Sprouting is one of the easiest ways to get fresh food on trail without worrying about the water weight and fragility of fruit, or the rapid decay of greens. Harpo & I sprouted all along the AT and have continued the practice on our more recent trip to the Olympics. Trail sprouting is really effective on trips longer than 2 nights – it takes an overnight soak and 2-3 days rinsing twice per day (using about 1/4 cup of treated water) to get the seeds to an edible state – right about the time you’re craving some fresh, non-dehydrated food. We repackage sprouts ordered from Sprout House into 2oz increments, and use a hemp sprouting bag from Outdoor Herbivore on trail.
Sprouts combine well with oats, or can be thrown in with ramen. One of our favorite AT trail recipies was a flour tortilla filled with instant hummus and sprouts…
– Uncle Bud’s deep fried garlic peanuts
– dehydrated okra & green beans
– raw cashews
– tamari almonds
– roasted & salted soy nuts
– spicy roasted pepitas
The Uncle Bud’s are the winner here… Harpo and I have been buying them down at Uwajimaya for a minute. You can get the rest of the ingredients at any well stocked store with a bulk department. The key is offsetting the expense of the raw cashews with other cheap ingredients like the spicy pepitas, or sesame seeds if you prefer. Basically, Groucy Mix is salty & mouthy, with some crisp moments and a creamy finish. Them little chipmunks, with their bandit mascara, love it… positive reviews all around.
Harpo & I ventured out to Rainier National Park for a quick weekend with the fam, checking out a quick loop in the northwest quadrant of the park, including the Spray Park trail. The snow travel and views of the Big Lady were dazzling, of course, but there was a lot of detail in the forested sections along the banks of the Carbon River… namely, lots of fungi of all shapes and sizes. Here are a few lil dudes…
There’s a lot of strong words in the debate between hiking in boots, light hiking shoes and trail runners. There’s no real debate for me – running shoes are lighter, and dry more quickly than traditional hiking boots. And, having shattered my calcaneous in 2007, and ending up with 27 pins and 2 titanium plates permanently anchored in my heel, I’m interested in a shoe that is lightweight yet offers substantial support. The New Balance ‘Leadville’ 1210 hasn’t let me down yet…
New Balance makes shoes in America (and in the UK for the European market) – an anathema considering most shoe makers manufacture anywhere overseas everywhere form China, Israel, Jordan, Malaysia, the Philippines, Taiwan, Thailand, to Turkey and Vietnam. NB’s are as also as close to vegan as I can find (through a series of emails, they will not fully divulge the glues used in specific show models, while admitting that specific factories use plant based glue, while others use animal glue).
Named after the famed Colorado ultra-marathon the Leadville 100 (which, coincidentally, NB has hosted since 2008), the NB shoe is designed with ultra-runners in mind featuring N2 cushioning, REVlite midsole, Vibram® outsole and an effective debris-free construction. The Leadville weighs in a 10.3 oz per pair, making them light AND structured.
I starting the hike with a pair of NB Minimus 10v2 shoes – I liked the mesh construction and the feel on trail was great – but after about 100 miles in Washington and only 280 miles in Maine they were done, with the mesh completely destroyed, and the soles separating from the shoes. I re-upped with the 1210s in New Hampshire and haven’t looked back. I ended up wearing out 2 pairs of these on my AT – I wore my first pair for 800 miles and the second pair for almost 1000 miles. Admittedly, I now replace shoes after 600-700 miles or when the foam becomes visibly compressed – but the point being the shoes will wear you out, not the other way around. I’m now happily on my fourth pair…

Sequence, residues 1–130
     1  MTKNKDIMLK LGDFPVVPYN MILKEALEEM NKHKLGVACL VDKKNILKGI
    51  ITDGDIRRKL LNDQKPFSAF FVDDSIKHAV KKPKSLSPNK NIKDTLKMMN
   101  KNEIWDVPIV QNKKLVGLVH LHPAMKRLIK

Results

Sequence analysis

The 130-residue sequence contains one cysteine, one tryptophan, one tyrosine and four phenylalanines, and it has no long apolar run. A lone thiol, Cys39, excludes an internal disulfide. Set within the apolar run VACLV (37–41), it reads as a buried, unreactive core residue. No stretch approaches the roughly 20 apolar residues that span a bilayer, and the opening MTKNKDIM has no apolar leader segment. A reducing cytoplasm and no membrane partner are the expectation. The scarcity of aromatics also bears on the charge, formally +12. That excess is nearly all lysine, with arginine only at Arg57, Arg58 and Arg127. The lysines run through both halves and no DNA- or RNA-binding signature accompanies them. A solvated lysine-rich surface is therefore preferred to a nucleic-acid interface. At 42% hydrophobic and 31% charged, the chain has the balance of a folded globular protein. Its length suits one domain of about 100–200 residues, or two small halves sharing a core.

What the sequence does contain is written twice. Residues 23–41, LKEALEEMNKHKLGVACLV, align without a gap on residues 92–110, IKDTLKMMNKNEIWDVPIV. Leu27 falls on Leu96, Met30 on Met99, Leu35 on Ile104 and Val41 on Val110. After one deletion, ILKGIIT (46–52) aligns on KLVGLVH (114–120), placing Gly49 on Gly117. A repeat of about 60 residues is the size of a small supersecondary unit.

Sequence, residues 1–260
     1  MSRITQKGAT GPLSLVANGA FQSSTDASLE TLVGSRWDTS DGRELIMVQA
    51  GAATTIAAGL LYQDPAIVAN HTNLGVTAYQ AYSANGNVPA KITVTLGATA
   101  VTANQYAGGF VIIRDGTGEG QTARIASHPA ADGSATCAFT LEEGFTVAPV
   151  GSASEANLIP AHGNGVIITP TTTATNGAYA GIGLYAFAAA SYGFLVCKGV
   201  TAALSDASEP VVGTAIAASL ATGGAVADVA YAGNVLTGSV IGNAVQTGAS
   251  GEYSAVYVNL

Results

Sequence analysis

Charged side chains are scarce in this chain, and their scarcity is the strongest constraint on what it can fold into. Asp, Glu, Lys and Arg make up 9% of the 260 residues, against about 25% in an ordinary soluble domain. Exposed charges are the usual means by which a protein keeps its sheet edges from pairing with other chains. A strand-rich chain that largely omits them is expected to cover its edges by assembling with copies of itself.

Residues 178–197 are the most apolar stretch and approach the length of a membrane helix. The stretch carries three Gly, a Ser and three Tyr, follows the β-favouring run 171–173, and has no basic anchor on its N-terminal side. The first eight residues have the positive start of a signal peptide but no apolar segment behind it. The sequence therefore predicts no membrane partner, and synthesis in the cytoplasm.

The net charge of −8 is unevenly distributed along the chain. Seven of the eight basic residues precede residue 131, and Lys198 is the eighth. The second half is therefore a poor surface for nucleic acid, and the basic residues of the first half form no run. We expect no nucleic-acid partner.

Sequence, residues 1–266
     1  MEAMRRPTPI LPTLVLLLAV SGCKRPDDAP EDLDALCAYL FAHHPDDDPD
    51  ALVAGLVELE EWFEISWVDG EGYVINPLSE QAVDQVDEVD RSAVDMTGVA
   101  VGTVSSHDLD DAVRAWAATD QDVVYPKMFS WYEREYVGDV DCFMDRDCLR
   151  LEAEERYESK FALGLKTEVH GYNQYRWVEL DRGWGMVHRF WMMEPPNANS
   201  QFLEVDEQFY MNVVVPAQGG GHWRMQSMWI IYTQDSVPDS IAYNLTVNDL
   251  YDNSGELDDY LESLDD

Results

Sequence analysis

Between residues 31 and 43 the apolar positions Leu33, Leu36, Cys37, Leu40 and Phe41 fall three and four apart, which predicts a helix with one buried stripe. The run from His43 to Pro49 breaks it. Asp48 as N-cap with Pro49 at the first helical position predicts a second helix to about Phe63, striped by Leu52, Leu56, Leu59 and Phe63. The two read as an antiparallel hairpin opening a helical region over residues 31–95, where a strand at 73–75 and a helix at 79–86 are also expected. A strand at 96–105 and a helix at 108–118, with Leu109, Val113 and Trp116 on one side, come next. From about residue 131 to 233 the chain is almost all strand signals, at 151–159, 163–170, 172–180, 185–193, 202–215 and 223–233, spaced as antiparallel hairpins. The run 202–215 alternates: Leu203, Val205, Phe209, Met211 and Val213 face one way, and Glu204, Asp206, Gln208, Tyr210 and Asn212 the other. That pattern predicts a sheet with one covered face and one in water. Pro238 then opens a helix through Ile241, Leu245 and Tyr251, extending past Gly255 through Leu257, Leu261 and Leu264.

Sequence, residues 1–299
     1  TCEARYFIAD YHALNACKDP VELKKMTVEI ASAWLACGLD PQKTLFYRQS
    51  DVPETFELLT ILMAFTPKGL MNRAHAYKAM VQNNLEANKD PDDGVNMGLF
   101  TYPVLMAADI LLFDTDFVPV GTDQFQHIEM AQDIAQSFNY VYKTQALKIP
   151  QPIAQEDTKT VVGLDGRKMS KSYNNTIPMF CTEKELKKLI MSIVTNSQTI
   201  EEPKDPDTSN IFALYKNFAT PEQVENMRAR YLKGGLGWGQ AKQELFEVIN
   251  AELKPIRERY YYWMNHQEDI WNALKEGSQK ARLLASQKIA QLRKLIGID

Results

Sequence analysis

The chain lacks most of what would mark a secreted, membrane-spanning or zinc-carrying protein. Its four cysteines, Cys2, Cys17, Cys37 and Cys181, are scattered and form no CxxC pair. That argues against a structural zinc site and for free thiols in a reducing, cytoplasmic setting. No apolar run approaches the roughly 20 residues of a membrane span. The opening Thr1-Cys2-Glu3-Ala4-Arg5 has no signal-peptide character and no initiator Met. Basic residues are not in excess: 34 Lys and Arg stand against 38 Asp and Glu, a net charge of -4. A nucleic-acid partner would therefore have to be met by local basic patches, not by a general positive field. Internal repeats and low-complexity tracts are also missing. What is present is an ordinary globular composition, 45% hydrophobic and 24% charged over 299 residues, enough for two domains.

Harpo and I followed Ray Jardine’s model and started hiking with umbrellas before we walked the AT last year – it made sense, living in the Northwest it rains every time you step outside. Or at least it could…
We started with free collapsible umbrellas, but the cheap metal hardware would rust and/or fall apart… Jardine modified his umbrellas to remove extra parts, and fitted them with mylar panels functioning as solar shields attached with dental rubber bands. In the era of cottage industry ultralight backpacking gear, we saved the effort by purchasing GoLite’s Chrome Dome trekking umbrellas. Weighing in at 8oz, with a 45″ canopy and offering 50SPF sun protection, the Chrome Dome offers substantial coverage as a rain and sun shield. I don’t think there’s any going back.. .
On the AT we forfeited conventional rain gear, favoring lightweight wind-breakers and wind-pants – 8oz total + the 8oz brolly, rather than a 11oz or heavier rain jacket and 11oz pants – offering a lighter overall solution for the long haul. Not to mention the umbrella is faster to deploy in sudden showers, and keeps it breezy, meaning better ventilation. Recently on the PCT and in alpine areas of the Olympic mountains, we’ve been happy using the Chrome Dome as a sun shield, allowing us to skip the sunscreen.
Of course, the umbrella fails in some conditions – dense, low forest like some in southern Maine snags the canopy, and it was impossible to use in the high winds atop Mt. Washington and in Goat Rocks. Outside of these extreme circumstances, the umbrella works great – the polyester canopy has never collapsed and resists tears, and the fiberglass spokes seem indestructible… we have hiked over 3500 miles with our original Chrome Domes, and are only now considering buying new ones.
Overall, this is one of my favorite pieces of gear to own. Every time I open it, it’s something in between Marry Poppins and a clown show – and it’s definitely the most commented on accessory I own, bar none. Harpo & I enjoy the umbrella hiking experience so much we formed our own umbrella gang – the Brolly Bunch.